Although others have investigated the effects of 5-HT on isolated brain stems from neonatal mammals, this is the first study to examine the effects of 5-HT on respiratory activity in an isolated adult vertebrate brain stem preparation. 5-HT application decreased amplitude and frequency in hypoglossal nerve rootlets, an effect likely due to 5-HT1A-receptor activation (although other 5-HT-receptor subtypes may be involved). During 5-HT washout, however, frequency rebounded to levels significantly higher than baseline and remained elevated for at least 2 h. This effect appears to be due to 5-HT3-receptor activation and does not result in alterations in bulbospinal respiratory drive to spinal respiratory motoneurons. To our knowledge, a persistent increase in frequency after 5-HT or 5-HT3 agonist application represents the first example of 5-HT-dependent plasticity in respiratory rhythm generation of a vertebrate under in vitro conditions.
Comparison of Serotonergic and Respiratory Systems in Turtles vs. Mammals
Organization of the turtle (Pseudemys) serotonergic system appears to be similar to that in mammals in several important respects. Turtles have 5-HT-containing neurons along the midline of the brain stem in two nuclei, the nucleus raphe superior and the nucleus raphe inferior (24). Nucleus raphe inferior is probably homologous to the collective raphe pallidus, raphe obscurus, and raphe magnus in mammals. In addition, most areas of the brain stem contain large numbers of 5-HT-immunoreactive fibers (24), suggesting that 5-HT may modulate respiratory rhythm generation and pattern formation at multiple sites. On the other hand, little is known regarding the location and characteristics of respiratory rhythm generating neurons in turtles. Although firing patterns of some turtle brain stem respiratory neurons resemble the firing patterns of mammalian respiratory neurons (47), a comprehensive description of respiratory neurons in turtles is lacking. Thus, despite similarities, one must be cautious when comparing the present results with those expected in adult mammals.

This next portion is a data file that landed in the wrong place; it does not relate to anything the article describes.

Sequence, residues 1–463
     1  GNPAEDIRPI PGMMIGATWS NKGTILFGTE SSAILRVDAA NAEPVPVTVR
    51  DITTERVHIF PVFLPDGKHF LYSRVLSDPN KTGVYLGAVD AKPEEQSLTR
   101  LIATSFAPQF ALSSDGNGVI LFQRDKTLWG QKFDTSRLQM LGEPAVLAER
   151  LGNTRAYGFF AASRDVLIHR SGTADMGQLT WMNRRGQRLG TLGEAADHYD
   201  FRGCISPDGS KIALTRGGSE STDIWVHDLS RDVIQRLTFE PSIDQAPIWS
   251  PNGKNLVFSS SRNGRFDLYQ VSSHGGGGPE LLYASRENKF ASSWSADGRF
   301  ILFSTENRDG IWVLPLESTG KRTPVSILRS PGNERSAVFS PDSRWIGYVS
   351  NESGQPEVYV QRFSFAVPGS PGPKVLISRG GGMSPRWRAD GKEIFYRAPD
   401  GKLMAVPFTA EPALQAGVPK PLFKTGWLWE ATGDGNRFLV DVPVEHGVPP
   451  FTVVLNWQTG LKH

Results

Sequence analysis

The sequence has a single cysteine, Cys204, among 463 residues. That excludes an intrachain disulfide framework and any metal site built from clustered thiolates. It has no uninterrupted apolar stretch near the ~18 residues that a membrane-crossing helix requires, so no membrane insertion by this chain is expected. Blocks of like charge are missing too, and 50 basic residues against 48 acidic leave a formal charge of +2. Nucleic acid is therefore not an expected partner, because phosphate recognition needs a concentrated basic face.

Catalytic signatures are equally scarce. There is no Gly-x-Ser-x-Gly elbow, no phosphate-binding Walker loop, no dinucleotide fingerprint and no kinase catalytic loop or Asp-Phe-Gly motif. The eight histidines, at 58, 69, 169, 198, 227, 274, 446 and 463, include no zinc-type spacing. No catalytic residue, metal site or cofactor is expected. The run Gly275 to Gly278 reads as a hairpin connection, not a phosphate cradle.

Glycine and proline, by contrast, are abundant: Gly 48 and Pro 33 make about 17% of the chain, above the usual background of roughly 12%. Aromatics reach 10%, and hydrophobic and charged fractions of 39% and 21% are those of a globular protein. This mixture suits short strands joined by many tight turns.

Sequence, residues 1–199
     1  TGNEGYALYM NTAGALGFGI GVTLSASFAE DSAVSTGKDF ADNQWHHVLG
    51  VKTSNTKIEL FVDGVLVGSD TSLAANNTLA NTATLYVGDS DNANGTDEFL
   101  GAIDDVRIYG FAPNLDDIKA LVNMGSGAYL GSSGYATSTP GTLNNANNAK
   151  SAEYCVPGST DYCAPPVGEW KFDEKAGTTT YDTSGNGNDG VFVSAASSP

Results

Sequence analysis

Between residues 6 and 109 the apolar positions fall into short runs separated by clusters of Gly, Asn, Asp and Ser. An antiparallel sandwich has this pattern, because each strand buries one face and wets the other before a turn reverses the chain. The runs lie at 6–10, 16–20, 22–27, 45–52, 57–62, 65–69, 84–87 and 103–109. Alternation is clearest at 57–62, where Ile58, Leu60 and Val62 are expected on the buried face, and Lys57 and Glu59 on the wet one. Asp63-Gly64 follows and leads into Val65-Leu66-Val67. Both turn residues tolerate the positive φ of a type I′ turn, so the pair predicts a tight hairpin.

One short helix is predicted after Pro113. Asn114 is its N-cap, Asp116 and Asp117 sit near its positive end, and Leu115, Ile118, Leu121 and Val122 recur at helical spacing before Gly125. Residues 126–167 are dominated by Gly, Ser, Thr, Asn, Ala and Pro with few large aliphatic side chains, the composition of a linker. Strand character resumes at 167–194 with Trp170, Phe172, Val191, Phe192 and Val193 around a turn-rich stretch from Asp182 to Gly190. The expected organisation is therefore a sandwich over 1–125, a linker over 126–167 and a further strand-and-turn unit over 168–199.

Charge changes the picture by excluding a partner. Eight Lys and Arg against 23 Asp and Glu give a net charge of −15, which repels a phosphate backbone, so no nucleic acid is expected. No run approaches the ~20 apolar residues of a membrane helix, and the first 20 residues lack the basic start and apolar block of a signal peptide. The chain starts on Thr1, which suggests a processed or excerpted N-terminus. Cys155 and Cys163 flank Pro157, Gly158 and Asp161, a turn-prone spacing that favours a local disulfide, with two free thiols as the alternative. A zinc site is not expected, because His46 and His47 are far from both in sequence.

Serotonergic Modulation of Respiratory Motor Output
5-HT effects on respiratory frequency.
5-HT produced complex changes in respiratory frequency, most likely due to the activation of 5-HT-receptor subtypes with opposing influences. During 5-HT application, frequency and amplitude decreased, apparently due to 5-HT1A-receptor activation. After 5-HT application, however, there was a rebound frequency increase that persisted for at least 2 h because of 5-HT3-receptor activation. Blockade of 5-HT1A (and other) receptors (methiothepin) or 5-HT3 receptors (tropesitron) during 5-HT application shifted the balance and allowed expression of the influence from other 5-HT receptor subtypes. Because phenylbiguanide rapidly increased frequency (Figs. 6 Bb and 7 Bb), it is not clear why there was no increase in frequency during 5-HT application with blockade of 5-HT1A and 5-HT1B receptors via methiothepin, which reportedly does not block 5-HT3receptors (Fig. 4 Cb) (16). Perhaps other 5-HT-receptor subtypes not examined in this study (e.g., 5-HT5, 5-HT6, 5-HT7) were activated, thereby opposing the 5-HT3-dependent increase in frequency. Alternatively, methiothepin may unexpectedly block turtle 5-HT3 receptors. Consistent with this hypothesis, phenylbiguanide (20 μM) application to brain stems (n= 3) during a background methiothepin (50 μM) application did not increase burst frequency during or after 1 h of phenylbiguanide application (data not shown). Further experiments will be required to characterize these complex drug interactions.